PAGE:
United States District Court, N.D. Alabama, Southern Division
IBRAHIM SABBAH, and SABBAH BROTHERS ENTERPRISES, INC, doing business as 14th Street BP, Plaintiffs,
NATIONWIDE MUTUAL INSURANCE COMPANY and NATIONWIDE MUTUAL FIRE INSURANCE COMPANY, Defendants.
MEMORANDUM OPINION AND ORDER
VIRGINIA EMERSON HOPKINS United States District Judge.
11, 2017, at the end of an extensive Memorandum Opinion and
Order directed towards the then pending Motion To Dismiss
(doc. 50), this Court wrote:
1. The motion to dismiss is DENIED as to the
breach of contract claims against [Nationwide Mutual Fire
Insurance Company (“NMFIC”) and Nationwide Mutual
Insurance Company (“NMIC”)] (Counts Twelve and
Thirteen), and the claims for declaratory judgment against
NMFIC and NMIC (Counts Fourteen and Fifteen).
2. As to all other counts in the Second Amended Complaint
(Counts One through Eleven), the motion is hereby
GRANTED. Counts One through Eleven in the
Second Amended Complaint are hereby DISMISSED with
No. later than May 31, 2017, the Defendants may file a new
motion to dismiss which addresse[s] ONLY:
1) whether the statute of limitations has run as to the
breach of contract claims; and 2) whether a decision that
the statute of limitations has run as to the
breach of contract claims moots the claims for declaratory
relief. . . ..
(Doc. 60 at 49-50) (emphasis in original). The
Defendants' new Motion To Dismiss is now before the
Court. (Doc. 61).
contract of insurance, like other contacts, is governed by
the general rules of contracts.” Twin City Fire
Ins. Co. v. Alfa Mut. Ins. Co., 817 So.2d 687, 691 (Ala.
2001). The statute of limitations for a breach of contract
claim is six years. Ala. Code §6-2-34(9). The Plaintiffs
argue that the Defendants breached their contract of
insurance with the Plaintiff on December 20, 2013, when
“the corporate veil was pierced and SBE and Sabbah were
found to be legally obligated to pay damages.” (Doc. 62
at 8). However, the Defendants argue that, if they breached
their contract with the Plaintiffs at all, the breach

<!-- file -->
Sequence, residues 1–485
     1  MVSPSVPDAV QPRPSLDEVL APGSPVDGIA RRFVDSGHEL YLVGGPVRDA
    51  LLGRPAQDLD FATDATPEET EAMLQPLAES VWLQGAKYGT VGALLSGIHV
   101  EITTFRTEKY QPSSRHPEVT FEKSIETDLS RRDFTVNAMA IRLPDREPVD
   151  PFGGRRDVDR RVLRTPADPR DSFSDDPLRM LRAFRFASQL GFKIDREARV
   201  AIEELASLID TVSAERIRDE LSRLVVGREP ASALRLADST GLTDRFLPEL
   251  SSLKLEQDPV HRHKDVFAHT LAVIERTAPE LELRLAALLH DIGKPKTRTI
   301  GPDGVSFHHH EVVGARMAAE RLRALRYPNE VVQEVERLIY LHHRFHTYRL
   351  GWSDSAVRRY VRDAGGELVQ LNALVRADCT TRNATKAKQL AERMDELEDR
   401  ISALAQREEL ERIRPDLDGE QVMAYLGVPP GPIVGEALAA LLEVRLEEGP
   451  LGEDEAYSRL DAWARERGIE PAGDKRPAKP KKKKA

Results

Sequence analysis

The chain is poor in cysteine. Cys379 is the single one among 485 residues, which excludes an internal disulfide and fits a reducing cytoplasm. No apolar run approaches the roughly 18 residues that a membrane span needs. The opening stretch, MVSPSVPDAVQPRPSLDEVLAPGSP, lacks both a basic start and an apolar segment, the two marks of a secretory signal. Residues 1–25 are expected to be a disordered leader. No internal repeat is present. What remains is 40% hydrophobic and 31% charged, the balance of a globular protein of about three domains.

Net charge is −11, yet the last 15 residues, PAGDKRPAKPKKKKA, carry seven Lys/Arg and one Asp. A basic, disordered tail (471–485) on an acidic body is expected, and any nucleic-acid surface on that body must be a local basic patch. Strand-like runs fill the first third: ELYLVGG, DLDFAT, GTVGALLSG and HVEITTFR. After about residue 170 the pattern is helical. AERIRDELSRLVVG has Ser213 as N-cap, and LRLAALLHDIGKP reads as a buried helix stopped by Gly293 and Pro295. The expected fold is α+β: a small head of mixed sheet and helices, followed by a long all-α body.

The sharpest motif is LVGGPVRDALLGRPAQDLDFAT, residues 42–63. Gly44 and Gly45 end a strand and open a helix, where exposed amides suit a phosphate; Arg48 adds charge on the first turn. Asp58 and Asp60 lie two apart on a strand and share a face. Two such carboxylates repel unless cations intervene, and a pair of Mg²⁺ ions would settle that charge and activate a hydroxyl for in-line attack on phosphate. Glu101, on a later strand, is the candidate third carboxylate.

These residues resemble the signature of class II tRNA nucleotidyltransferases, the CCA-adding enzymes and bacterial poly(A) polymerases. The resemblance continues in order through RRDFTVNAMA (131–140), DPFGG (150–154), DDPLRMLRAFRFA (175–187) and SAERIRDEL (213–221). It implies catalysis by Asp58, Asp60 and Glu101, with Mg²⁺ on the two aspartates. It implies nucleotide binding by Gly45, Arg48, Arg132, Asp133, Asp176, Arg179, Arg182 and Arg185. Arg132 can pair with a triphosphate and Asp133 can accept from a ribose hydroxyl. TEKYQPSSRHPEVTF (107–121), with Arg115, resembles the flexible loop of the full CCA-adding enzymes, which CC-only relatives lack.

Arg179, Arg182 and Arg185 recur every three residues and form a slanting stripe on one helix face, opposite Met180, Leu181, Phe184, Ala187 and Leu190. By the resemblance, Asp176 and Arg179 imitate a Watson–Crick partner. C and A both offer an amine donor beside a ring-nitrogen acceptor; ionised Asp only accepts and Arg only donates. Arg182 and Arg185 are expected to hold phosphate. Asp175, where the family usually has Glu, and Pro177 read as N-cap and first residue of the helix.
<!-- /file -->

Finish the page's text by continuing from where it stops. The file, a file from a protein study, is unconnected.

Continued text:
occurred when the Defendants sent their initial disclaimers
of coverage to SBE and Sabbah on July 17, 2007, and to Sabbah
on February 23, 2009. (Doc. 61 at 4).
support of their renewed motion, the Defendants cite
Hackleburg Church of Christ v. Great Am. Ins. Companies,
Inc., 675 So.2d 1309 (Ala. Civ. App. 1995) for the
proposition that “Plaintiffs' breach of contract
claims accrued at the time of the purported breach - the
denial of coverage and refusal to pay policy
benefits.” (Doc. 61 at 4). The Hackleburg
opinion does state that “‘[t]he statute of
limitations on a contract action runs from the time a breach
occurs rather than from the time actual damage is
sustained.'” Hackleburg, 675 So.2d at 1311
(quoting AC, Inc. v. Baker, 622 So.2d 331
(Ala.1993)). However, Hackleburg dealt with a
property damage claim, made more than seven years after
damage to the property had occurred, under a policy which
otherwise covered the damage. It did not deal with the
instant scenario where an insurer disclaims
indemnity coverage under a liability insurance polic
y well before a verdict is entered against the purported
insured. Although it is certainly a piece to the puzzle,
Hackleburg offers little help to this Court in
determining whether a breach occurs at the time of the
insurer's disclaimer, or at the time it refuses to pay an
ultimate judgment against the purported
the Court notes that the Defendants, in an attempt to
buttress their citation of the rule of law from
Hackleburg, quote, without discussion, the following
language from Seybold v. Magnolia Land Co., 376 so.
2d 1083, 1085 (Ala. 1979): “The statute of limitations
begins to run when a cause of action on the contract accrues,
which is to say, when the contract is breached.” (Doc.
61 at 5). Importantly, the next line of that opinion
“Breach” consists of the failure without legal
excuse to perform any promise forming the whole or part of
the contract. 17 AmJur.2d Contracts s 441 at 897. Where the
defendant has agreed under the contract to do a particular
thing, there is a breach and the right of action is complete
upon his failure to do the particular thing he agreed to do.
17 AmJur.2d, supra.
Seybold, 376 So.2d at 1085. This additional language
suggests that the breach in the instant case did not occur
until after the refusal to pay the underlying
judgments. Certainly, the Defendants' argument seems
logical in light of the Court's findings as to
the Counts which have been dismissed on the basis of the
running of the statute of limitations. However, at this time,
and based on the arguments made in both the Defendants'
motion (doc. 61) and their reply brief (doc. 63), which this
Court also considered, the Court cannot say that the breach
of contract claims fail to state a claim upon which relief
may be granted. This finding moots the remainder of the
Defendants' motion (regarding the claims for declaratory
judgment. (See doc. 61 at 6-9).
Renewed Motion To Dismiss is DENIED.